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Building Lean Muscle

Building muscle is all about increasing the amount of work that the muscles do, whether through more repetitions or more weight at the same rep scheme. Building muscle is fantastic for improving long-term body composition, joint health, and healthy aging. Whether gymnastic strength training or weight training, being stronger is never a weakness.

Principles of Effective Muscle-Building

There are a few key principles for building muscle and mastering these basics is key to seeing consistent, rapid progress.

  • Exercise Selection and Specificity: the exercises you choose and the rep scheme you use should be specific to your goals and needs. If you’re looking to build maximum strength, keep repetitions low, whereas maximum muscle is about keeping relatively-high rep sets.
  • Progression and Variation: You need to keep progressing to build muscle and strength. This is about adding more weight or more reps with good technique. Progressing on a single exercise should be tempered against variety, however: too much of the same thing will stop being effective. Progress on key exercises for your goal, but be sure to change things up (in reps, sets, weight, or exercise selection) to avoid plateaus and stagnation.
  • Balance Loading-Types: Concentric loading is the part of the movement working against gravity, while eccentric loading is the ‘lowering’ portion. Isometric loading is focused on staying still under load, such as in a plank. You need a good balance of these types of movements, but always focus on a controlled eccentric, as this will increase muscle-building potential, reduce injury and improve technique.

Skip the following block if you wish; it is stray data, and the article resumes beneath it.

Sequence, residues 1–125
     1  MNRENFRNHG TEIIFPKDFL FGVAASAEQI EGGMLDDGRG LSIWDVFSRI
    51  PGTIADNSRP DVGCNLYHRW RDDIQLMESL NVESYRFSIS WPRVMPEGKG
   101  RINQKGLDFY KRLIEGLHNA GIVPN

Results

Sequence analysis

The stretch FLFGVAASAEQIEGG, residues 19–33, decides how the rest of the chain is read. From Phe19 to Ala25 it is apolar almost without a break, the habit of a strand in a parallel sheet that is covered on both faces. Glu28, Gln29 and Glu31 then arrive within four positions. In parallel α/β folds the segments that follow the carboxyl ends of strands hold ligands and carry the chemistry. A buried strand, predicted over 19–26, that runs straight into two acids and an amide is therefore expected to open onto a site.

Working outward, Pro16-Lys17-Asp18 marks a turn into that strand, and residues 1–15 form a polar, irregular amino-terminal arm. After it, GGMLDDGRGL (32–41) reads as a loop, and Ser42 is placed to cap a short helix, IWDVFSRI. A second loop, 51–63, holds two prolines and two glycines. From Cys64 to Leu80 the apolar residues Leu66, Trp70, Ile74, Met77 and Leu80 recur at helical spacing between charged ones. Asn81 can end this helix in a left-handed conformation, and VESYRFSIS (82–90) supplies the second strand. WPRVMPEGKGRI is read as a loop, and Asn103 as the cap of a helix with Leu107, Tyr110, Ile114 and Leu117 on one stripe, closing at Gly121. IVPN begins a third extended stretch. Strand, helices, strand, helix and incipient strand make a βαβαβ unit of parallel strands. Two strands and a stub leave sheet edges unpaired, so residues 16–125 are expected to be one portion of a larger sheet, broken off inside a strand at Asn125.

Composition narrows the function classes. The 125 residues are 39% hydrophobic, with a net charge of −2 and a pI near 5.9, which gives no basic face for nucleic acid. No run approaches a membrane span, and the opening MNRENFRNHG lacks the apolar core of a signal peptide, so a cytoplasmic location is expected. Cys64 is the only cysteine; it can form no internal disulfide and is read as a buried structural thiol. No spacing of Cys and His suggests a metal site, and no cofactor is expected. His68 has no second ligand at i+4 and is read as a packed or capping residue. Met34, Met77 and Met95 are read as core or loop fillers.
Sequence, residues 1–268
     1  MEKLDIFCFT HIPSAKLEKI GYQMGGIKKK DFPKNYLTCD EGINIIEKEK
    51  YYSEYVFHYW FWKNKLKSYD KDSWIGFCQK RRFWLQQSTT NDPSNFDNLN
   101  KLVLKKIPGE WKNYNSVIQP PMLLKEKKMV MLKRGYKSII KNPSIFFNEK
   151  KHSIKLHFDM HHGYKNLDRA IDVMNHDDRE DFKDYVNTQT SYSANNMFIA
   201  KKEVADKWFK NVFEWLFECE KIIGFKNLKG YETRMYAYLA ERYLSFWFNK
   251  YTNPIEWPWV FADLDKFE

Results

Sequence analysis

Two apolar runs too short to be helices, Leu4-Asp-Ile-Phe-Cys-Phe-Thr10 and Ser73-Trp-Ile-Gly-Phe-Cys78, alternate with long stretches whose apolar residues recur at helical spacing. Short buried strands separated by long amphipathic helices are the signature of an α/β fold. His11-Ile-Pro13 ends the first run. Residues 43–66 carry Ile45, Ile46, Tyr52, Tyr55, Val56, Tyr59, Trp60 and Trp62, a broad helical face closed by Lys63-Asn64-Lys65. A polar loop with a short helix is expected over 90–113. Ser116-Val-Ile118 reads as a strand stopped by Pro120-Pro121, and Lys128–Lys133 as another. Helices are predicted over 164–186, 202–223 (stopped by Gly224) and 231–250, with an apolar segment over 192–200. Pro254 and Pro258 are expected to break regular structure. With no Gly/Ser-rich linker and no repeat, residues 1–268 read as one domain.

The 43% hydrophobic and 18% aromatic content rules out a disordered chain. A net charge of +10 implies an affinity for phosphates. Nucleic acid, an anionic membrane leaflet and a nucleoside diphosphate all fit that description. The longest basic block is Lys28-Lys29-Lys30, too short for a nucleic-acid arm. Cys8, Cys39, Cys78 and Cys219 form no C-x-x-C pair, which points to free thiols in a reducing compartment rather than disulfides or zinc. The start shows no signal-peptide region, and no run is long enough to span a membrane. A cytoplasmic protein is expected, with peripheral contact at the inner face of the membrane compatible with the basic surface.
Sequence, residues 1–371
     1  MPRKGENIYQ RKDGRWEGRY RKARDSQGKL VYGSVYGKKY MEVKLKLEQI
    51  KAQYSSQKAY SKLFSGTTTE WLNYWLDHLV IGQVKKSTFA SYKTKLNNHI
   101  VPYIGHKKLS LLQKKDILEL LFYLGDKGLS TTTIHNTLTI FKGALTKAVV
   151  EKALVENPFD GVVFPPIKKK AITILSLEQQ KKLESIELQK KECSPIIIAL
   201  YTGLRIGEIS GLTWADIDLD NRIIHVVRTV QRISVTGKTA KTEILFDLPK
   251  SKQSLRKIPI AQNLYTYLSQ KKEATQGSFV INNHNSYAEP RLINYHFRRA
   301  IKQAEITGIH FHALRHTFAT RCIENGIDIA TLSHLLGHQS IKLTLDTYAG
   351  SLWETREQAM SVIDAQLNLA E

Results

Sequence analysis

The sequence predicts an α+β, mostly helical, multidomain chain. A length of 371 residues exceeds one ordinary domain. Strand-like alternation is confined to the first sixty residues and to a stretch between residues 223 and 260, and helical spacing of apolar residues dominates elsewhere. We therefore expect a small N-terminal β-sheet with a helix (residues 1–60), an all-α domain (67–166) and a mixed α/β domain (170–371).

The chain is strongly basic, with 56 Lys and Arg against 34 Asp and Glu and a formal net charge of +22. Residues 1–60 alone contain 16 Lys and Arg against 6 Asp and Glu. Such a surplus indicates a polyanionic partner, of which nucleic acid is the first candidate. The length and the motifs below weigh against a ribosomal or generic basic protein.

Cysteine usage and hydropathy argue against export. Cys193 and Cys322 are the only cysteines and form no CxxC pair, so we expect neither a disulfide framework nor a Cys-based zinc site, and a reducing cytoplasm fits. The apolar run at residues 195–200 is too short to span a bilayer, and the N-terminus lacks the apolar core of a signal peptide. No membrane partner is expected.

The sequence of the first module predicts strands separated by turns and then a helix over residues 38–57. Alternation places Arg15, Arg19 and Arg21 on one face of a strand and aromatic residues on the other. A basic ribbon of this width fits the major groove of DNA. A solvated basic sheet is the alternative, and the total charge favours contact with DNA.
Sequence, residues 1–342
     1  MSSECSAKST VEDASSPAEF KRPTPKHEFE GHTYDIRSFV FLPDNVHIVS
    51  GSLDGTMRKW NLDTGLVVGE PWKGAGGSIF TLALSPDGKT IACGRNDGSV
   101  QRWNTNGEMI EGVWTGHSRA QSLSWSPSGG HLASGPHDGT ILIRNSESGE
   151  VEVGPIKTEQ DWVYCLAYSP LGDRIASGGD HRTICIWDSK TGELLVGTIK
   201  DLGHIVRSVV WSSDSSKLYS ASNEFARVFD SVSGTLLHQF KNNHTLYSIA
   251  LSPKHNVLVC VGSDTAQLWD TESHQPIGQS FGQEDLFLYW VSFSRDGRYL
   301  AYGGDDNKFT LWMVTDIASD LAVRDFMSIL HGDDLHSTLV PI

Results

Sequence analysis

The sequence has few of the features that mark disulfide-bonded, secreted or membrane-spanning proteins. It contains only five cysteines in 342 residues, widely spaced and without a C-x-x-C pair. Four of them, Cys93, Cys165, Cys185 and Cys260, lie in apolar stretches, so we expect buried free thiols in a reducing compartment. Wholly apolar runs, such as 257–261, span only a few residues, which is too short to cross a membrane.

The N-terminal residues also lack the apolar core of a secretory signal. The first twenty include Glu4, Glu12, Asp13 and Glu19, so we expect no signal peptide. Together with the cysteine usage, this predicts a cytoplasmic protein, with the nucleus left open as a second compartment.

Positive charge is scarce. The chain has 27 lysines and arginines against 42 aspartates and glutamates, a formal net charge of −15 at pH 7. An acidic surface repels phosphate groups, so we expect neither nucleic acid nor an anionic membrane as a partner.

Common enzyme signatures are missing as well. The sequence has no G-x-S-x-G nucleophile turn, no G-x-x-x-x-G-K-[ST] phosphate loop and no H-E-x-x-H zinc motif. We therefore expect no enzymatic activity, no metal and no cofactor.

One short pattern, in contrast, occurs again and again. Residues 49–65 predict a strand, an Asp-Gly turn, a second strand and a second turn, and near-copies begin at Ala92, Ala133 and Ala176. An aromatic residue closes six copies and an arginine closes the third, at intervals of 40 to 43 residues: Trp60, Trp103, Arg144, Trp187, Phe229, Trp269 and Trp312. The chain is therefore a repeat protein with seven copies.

Long-Term Results: Periodisation

A responsible, effective training plan is structured according to your goal, but uses some key design ideas that have been used by elite coaches for decades. Periodisation refers to the structure of a training plan in the long-term to boost results and keep making progress for years to come.

Intensity is how much effort a single repetition requires, relative to the maximum result in a movement (such as a 1-Repetition maximum). Volume refers to how much work you do, and is usually measured in total repetitions for an exercise. Generally, periodisation is all about controlling volume and intensity over time: volume starts high and reduce over time, as intensity increases.

Classic (or ‘block’) periodisation shifts focus throughout a program. For example, in a 16-week training plan, 4-week blocks have different focuses in sequence to improve results: general fitness, muscle size, strength, and power might all have 4-week focus blocks. This contributes to long-term planning and relies on the fact that being lean and strong is easier when you’re fit and healthy!

Periodisation and clever training planning is all about preparing you for maximum long-term progress. Remember that a pyramid’s maximum height depends on the size of its base: your long-term potential is all about your commitment to effective training and patient progress from high-volume to high-intensity training.This planning is the role of a coach or trainer, but it is important to remember the key principles of progression, overload, specificity, variation, and smart training for maximum muscle, strength, and athleticism!